Monday, December 16, 2013


It is impossible not to feel sadness and loss learning that Peter O’Toole has died.

I’ve loved him in movies (never saw him on the stage) since Lawrence Of Arabia in 1962.  David Lean's enigmatic epic captured my imagination in the most thrilling way then and still does. 

So many other wonderful, memorable performances.   I'm sure the obituaries will all cite My Favorite Year, which was fine, but to my taste slight, but will omit more enjoyable minor roles like his hilarious and subtly touching turn as the British Governor-General in Harold Ramis’s Club Paradise, where he was essential to the wonderful Joanna Cassidy, Jimmy Cliff, Brian Doyle-Murray,  Robin Williams and Earl "Chinna" Smith comedy ensemble.

In many ways I think my favorite Peter O’Toole role was his portrayal of King Henry II in Becket Although Jean Anouilh’s play is ür-melodramatic and telegraphs its arcs and moves, O’Toole’s and Richard Burton’s performances are deeply and mutually empathetic and in tune with each other, and the subject matter is richly moving and genuinely tragic. 

Peter O’Toole had star quality in spades.  Once during the late 1980s I was walking up 6th Avenue in Manhattan on a hot summer matinée day and I saw him coming toward me from a distance.  He was in the middle of his run as Professor Henry Higgins in the successful Pygmalion revival a short time after recovering from serious, mysterious illness.  He was gigantically tall, incredibly thin, dressed in a bright white suit and flowery cravat, gesticulating wildly with a cigarette and holder, talking to himself, lost in thought, not giving a damn, projecting genius.  

Unlike all the other creepy movie actors and celebrities regularly on view slinking up and down 6th in the West 50s, hiding out and twitching under their stupid baseball caps, as if you actually caredO’Toole was just out there, bold and magnificent.  The only other public figures of his magnitude I ever spied emitting that kind of high amplitude magnetism while out and about in Manhattan were Wilt Chamberlain and Burning Spear.

Like most of the truly great, Peter O’Toole inspired parody. Joe Flaherty (another Club Paradise co-star, actually, although I don't recall them sharing any scenes) did a great Peter O’Toole on SCTV.  And O’Toole and Burton’s Becket performances inspired one of Peter Cook and Dudley Moore’s greatest Not Only, But Also pieces, The Making Of A Movie (click on link below).  

Remember: “The money’s neither here nor there; it’s in Geneva.”

I will miss Peter O’ Toole very, very much.


Peter Cook and Dudley Moore: The Making Of A Movie (from Not Only, But Also) (Link)


  1. what a splendid sighting -- and wonderful account. P O'T was absolutely one of the greats for me too. Yes, as you put it so well, his high amplitude magnetism. I saw him in the Henry Higgins role at the Shaftesbury Theatre in London in '84. Quite unforgettable.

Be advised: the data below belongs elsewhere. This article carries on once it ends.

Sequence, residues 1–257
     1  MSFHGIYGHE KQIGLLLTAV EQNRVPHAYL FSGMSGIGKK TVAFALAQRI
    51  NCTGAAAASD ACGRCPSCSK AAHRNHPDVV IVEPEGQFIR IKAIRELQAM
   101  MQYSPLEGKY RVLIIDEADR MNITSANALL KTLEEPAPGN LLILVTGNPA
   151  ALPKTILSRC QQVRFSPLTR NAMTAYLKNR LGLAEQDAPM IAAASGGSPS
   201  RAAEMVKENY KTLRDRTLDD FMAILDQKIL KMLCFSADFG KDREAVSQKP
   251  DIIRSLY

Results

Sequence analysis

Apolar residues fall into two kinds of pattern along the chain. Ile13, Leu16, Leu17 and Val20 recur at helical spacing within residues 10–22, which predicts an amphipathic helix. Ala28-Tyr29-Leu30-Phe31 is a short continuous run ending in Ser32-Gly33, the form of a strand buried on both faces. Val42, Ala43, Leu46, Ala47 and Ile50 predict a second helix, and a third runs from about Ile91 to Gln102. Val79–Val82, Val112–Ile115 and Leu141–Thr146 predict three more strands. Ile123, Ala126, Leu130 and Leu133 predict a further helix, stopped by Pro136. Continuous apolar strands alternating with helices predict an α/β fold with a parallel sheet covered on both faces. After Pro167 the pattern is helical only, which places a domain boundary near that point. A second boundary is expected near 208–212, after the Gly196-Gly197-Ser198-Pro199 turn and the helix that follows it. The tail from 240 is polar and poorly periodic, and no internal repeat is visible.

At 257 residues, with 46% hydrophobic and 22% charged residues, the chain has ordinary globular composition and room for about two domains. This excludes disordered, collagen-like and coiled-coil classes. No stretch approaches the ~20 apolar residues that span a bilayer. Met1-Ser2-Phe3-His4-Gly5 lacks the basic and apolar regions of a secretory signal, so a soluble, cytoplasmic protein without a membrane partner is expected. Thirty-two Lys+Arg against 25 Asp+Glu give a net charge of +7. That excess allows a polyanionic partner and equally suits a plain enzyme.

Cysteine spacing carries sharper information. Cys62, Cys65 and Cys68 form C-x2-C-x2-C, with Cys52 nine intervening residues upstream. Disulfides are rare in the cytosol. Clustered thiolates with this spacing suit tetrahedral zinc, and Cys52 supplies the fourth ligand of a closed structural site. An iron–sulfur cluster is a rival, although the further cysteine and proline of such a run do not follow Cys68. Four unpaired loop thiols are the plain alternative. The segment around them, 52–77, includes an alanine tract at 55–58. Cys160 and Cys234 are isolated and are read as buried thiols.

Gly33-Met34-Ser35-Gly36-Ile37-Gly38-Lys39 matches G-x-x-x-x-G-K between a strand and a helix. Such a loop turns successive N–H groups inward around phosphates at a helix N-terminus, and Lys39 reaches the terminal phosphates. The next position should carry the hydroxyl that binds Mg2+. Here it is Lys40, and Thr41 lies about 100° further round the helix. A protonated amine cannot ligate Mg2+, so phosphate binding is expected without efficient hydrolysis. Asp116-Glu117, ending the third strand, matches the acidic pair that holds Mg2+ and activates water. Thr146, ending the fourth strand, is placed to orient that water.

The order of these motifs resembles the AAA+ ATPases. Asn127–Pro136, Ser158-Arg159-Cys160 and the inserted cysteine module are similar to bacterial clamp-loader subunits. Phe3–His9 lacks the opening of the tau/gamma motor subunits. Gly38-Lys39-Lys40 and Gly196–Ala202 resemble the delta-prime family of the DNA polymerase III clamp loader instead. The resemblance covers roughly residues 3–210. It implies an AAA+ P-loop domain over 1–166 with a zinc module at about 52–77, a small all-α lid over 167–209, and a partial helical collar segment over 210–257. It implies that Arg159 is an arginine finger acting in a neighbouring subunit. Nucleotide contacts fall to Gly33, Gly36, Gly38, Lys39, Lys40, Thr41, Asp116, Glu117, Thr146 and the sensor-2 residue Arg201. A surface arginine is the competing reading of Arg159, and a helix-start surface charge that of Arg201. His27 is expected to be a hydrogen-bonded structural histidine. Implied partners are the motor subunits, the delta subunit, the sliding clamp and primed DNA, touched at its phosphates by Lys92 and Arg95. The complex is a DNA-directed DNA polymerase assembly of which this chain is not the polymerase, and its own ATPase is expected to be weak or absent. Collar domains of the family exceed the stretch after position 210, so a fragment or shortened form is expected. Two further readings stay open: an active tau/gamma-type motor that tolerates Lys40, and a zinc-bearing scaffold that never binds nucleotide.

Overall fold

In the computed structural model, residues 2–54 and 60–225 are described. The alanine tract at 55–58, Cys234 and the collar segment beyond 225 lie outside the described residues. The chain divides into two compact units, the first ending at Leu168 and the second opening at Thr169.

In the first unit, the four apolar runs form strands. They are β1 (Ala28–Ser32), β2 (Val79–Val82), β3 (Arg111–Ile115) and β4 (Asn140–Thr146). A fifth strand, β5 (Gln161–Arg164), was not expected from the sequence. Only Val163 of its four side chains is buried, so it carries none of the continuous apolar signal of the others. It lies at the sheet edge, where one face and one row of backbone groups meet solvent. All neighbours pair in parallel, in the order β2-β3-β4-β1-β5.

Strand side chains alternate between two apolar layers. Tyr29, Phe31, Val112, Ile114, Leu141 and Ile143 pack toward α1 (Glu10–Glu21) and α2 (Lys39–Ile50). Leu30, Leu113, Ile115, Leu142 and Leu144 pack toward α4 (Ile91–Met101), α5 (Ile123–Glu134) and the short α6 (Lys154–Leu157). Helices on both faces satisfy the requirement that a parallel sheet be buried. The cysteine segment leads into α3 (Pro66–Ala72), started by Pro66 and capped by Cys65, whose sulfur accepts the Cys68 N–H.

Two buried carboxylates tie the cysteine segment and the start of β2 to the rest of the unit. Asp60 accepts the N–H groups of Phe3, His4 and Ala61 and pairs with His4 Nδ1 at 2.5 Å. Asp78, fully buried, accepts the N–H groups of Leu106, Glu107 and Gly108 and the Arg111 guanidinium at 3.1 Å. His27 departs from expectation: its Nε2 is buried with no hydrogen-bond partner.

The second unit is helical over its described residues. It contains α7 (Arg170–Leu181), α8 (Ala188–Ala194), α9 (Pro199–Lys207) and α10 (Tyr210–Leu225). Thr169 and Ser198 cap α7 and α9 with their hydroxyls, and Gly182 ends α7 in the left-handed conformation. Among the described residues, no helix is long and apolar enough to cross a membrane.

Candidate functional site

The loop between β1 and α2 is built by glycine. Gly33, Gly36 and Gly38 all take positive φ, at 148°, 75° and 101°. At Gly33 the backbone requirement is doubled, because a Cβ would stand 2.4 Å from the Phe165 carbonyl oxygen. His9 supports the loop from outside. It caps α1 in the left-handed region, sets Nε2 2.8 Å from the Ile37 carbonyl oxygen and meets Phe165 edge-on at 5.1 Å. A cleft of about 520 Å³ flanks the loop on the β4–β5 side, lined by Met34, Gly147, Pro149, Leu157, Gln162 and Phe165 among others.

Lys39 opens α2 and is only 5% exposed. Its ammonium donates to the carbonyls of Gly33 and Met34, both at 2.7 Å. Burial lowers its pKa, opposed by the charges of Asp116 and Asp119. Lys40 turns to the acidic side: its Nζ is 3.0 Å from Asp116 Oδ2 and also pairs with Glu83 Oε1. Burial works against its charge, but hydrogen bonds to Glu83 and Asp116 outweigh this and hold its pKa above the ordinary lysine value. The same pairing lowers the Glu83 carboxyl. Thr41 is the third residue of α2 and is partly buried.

1. Thanks very much for your kind note, Tim. I'm glad you enjoyed this. Quite an actor; quite an individual. Please visit here again. And Merry Christmas and Happy New Year to you. Curtis

  2. now that I am following you on twitter (I'm a new bird on the wire), I have become quite a regular visitor and am delighted every time I do -- love the blog -- content and design.
    been meaning to write you a proper e-mail for ages. Will take care of that soon enough.
    wishing y'all too the happiest of Christmases…

    1. Would love for you to get in touch by email -- works well. Happiest of Christmases and a great New Year to you also. Blogger's been recalcitrant lately but I tend to be able to post what I mean to in the end. Lots of old blogs to reformat and fix. Greetings from the snowy Hudson Valley -- specifically Tuxedo, NY. Back to snowy Philly tomorrow. Curtis

  3. Hi Curtis -- I am just thinking that perhaps you haven't realized that it is me... Tim Shepard.
    Greetings! Quack Quack.
    ps Kevin featured and pictured in the Times today on notable deaths for 2013. Missing him of course very much.

    1. Hi Tim. I did not realize it was you and am overjoyed to find that it is. Yesterday Caroline and I began panicky filling-in of Jane's Christmas items. Am about to head up to the Woodbury Common shopping area to continue the quest. We've planned what should be a good Christmas and New Year and I'm kind of optimistic about my pre-2014 frame of mind. Now it's just time to (as we used to say in company meetings) "execute against plan." I really look forward to catching up with you in the New Year. Like you, I think about Kevin a lot -- the great things and things I wish had been different, which I'm suspecting (possibly accurately, possibly not) would have made things easier for him and made him happier. It's hard to know. Merry Christmas and Happy New Year. Curtis